Technical Illustration

Subject: Technical Illustration
From: Robert Plamondon <robert -at- PLAMONDON -dot- COM>
Date: Fri, 13 Sep 1996 15:37:09 PDT

Darlene Bohner writes:

>Quality technical illustration is extremely important to good
>documentation. As for a writer doing the artwork, there are some who have
>the talent and interest, but this is a completely different field and
>should NOT be "what technical writers need to know!" Writers and
>illustrators need to work hand in hand, each with their own specialty.

Let's not confuse talent with training. Few people are born with
the skills required to be brain surgeon, an illustrator, a writer,
a bookie, or a lawyer. They get these skills through training or
experience -- rarely from first principles.

Some professions have a fully developed course of instruction in which
the unimaginative but hard-working student can have a basic working
knowledge pounded into his skull in spite of his complete lack of flair.

This is a good thing. At one time you had to be Leonardo da Vinci to
figure out how to draw a one-point perspective diagram. Now you can learn
it at your local community college, because the course of instruction
has been refined to the point where most people can grasp it if they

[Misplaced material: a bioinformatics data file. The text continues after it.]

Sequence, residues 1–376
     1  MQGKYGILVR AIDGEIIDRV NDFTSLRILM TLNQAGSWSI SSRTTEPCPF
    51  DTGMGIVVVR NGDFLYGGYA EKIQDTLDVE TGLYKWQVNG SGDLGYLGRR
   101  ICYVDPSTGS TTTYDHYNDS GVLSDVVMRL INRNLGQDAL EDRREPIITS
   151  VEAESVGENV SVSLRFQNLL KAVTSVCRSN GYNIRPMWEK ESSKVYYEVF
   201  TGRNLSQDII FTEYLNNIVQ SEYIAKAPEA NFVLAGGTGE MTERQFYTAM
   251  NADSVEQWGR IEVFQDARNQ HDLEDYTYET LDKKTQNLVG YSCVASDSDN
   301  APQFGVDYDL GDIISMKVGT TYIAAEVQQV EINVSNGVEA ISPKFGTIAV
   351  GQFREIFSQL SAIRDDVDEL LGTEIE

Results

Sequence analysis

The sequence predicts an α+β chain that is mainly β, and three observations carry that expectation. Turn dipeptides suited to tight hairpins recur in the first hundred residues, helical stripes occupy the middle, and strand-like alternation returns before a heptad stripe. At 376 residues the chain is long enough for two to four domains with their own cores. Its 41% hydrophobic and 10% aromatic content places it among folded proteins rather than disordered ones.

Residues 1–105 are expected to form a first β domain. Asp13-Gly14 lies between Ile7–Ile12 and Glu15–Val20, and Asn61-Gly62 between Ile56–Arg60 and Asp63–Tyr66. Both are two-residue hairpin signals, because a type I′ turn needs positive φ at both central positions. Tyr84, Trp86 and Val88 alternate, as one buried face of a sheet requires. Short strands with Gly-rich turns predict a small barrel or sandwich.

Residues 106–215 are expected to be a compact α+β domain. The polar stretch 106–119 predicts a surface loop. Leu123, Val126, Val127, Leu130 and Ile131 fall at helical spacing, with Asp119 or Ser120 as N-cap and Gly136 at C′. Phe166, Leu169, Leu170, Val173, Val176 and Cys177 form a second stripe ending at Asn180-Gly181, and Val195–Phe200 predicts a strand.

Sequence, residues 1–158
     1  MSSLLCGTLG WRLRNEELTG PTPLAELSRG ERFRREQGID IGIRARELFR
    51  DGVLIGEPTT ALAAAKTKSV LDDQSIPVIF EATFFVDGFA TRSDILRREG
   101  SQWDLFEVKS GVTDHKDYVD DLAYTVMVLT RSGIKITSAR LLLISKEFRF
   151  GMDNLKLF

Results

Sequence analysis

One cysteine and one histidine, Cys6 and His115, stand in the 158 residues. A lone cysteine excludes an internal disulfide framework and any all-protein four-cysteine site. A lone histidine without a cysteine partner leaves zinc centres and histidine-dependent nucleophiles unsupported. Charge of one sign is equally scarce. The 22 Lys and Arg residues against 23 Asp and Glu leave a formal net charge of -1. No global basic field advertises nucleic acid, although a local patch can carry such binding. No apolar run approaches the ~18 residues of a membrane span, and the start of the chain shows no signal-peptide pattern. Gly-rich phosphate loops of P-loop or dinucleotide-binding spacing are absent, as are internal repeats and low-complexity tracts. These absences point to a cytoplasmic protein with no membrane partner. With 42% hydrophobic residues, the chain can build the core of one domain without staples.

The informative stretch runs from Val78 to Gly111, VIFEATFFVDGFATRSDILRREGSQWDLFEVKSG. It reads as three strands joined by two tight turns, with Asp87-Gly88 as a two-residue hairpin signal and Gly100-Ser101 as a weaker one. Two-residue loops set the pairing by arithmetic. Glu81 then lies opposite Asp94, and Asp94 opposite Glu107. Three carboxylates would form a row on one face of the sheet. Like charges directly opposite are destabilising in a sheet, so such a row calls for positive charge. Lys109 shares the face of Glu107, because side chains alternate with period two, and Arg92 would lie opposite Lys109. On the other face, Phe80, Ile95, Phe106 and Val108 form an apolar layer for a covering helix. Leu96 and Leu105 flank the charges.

pay attention and do their assigned work.

This is not to say that taking a couple of technical illustration courses
will turn you into Leonardo da Vinci, but you'll walk away knowing why
you might want to use two or three line weights in a block diagram, that
schematic drafting should show control flow that goes from left to right
and top to bottom, that isometric works for some things but not for
cases in which you care about one face of an object a whole lot more than
the others. You'll also learn that there are a lot of advanced things
you can't do, but can now describe to someone who really IS Leonardo
da Vinci.

While it would be nice if ol' Leonardo were available for every block
diagram, schematic, and isometric drawing, the fact is that he's often
busy painting a wall or something, and you're on your own.

-- Robert
Robert Plamondon, President/Managing Editor, High-Tech Technical Writing, Inc.
36475 Norton Creek Road * Blodgett * Oregon * 97326
robert -at- plamondon -dot- com * (541) 453-5841 * Fax: (541) 453-4139

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